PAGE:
It is in part through these numerous partners and collaborators that the Houston Greenbelt is becoming a sustainable model that others may be able to replicate nationwide.

    “The U.S. Forest Service is thrilled to have had a long-term collaboration with the community and with Furr High School — The Green Institute — that has led to the development of this phenomenal opportunity to serve as one of the nation's 10 XQ Super Schools, “Michiko Martin, director of conservation education for the U. S Forest Service said. “We will continue to support the inspiring work of our youth, educators, administrators and the community as we forge new pathways to education, natural resource careers and connecting all people to nature and conservation.”

    Salazar and Elizondo said they tried to help the school and community figure out how urban and community forests could mitigate the heat island effect and flooding that are so prominent in Houston. They also recognized how trees could help contribute to food sovereignty.

    “A lot of us saw each other as overweight, obese and with diabetes. We were truly seeing a trend – we were the trend!” said Elizondo. “We wondered why? Why are we like this? We started thinking about food and connected it with the concepts of gardens, food orchards and food forests.”

    The Green Ambassadors have planted hundreds of fruit trees and other beneficial vegetation in their communities. They are embracing prevalent research that connects human health benefits with trees and nature to create natural spaces that are sustainable and self-regenerating.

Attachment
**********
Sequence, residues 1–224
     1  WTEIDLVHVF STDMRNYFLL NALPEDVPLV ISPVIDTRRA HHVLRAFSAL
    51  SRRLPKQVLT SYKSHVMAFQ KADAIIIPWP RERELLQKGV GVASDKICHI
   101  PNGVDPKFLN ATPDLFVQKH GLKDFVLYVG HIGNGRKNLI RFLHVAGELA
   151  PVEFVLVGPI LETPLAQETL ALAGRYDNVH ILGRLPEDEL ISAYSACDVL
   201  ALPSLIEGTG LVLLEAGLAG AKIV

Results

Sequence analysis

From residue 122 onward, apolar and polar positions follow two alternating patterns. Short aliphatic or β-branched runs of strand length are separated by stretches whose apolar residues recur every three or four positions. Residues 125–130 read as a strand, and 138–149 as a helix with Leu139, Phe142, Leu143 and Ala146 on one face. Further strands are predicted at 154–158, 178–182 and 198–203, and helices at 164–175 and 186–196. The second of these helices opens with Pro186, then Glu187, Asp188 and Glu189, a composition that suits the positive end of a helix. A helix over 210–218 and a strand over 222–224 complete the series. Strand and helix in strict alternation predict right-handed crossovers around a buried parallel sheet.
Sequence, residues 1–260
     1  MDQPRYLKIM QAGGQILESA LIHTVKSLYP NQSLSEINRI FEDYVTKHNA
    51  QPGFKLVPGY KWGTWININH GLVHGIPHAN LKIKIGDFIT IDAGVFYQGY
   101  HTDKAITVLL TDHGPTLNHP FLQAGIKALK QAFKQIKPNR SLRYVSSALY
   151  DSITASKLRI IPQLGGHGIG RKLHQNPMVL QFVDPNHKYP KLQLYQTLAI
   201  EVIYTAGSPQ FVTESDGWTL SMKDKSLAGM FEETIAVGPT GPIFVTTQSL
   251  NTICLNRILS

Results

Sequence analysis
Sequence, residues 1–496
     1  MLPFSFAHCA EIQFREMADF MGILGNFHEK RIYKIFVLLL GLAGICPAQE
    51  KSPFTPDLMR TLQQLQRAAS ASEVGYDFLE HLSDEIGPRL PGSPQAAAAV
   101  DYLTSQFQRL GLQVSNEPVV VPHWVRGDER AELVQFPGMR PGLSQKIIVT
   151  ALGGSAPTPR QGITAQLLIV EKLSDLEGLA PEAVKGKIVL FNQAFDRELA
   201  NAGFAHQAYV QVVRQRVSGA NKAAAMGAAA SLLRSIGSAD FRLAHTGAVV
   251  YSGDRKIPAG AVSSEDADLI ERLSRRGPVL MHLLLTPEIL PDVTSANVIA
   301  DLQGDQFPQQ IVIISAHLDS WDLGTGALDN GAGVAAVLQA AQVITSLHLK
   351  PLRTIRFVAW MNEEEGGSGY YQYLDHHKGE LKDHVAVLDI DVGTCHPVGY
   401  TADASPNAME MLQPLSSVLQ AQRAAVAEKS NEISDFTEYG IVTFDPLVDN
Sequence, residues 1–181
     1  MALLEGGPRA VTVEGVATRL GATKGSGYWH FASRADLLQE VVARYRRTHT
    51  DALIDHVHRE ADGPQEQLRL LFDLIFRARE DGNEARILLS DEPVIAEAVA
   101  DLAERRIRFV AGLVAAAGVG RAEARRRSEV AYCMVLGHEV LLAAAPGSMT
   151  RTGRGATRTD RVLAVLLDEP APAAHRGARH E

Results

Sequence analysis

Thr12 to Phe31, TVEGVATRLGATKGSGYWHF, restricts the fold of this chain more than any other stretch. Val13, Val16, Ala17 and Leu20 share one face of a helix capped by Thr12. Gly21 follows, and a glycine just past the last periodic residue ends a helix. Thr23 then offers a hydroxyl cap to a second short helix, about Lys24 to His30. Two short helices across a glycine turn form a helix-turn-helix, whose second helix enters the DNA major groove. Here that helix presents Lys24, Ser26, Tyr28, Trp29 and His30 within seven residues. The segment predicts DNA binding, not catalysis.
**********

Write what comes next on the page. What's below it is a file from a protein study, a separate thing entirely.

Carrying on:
The organic gardens are just one category on which the group concentrates. There are members of the group dedicated to permaculture, pollinators, health and physical fitness, wildlife, urban planning and development and environmental justice.

    These current concepts and content areas serve as a starting point for Furr High School’s vision for the future.   According to school administration, the vision encapsulates a place that offers: equitable education and assessments customized to the specific needs, hopes and dreams of the students — comparable to those available for more privileged populations; and a sustainable leadership tract for educators and students, incorporating partnerships with universities. 

    The energy and enthusiasm of the East End movement has been invigorated with the XQ: Super School Project grant. But Salazar knows that the real work has just begun.

    “Change starts here. This is just the beginning,” he said. “As we help transform our little corner of the world, we will be able to serve as a model for comparable schools and help build the capacity of Texas and the nation.”

    Furr High School is one of 10 schools nation-wide to receive the competitive XQ grant. Read the Education Week XQ: Super School Project announcement here.

    For more information on Furr High School and the XQ Project please visit http://www.houstonisd.org/furrhigh  or http://xqsuperschool.org/.

    John Warner
    Urban District Forester, Texas A&M Forest Service
    936.546.3169, jwarner@tfs.tamu.edu  

    Tamberly Conway (bilingual)
    Conservation Education - Partnerships, Diversity and Inclusion Specialist, Department of Agriculture U.S. Forest Service - Washington Office
    337-304-5872, tkconway@fs.fed.us

    Linda Moon
    Communications Manager, Texas A&M Forest Service
    979-450-1160,  lmoon@tfs.tamu.edu, newsmedia@tfs.tamu.edu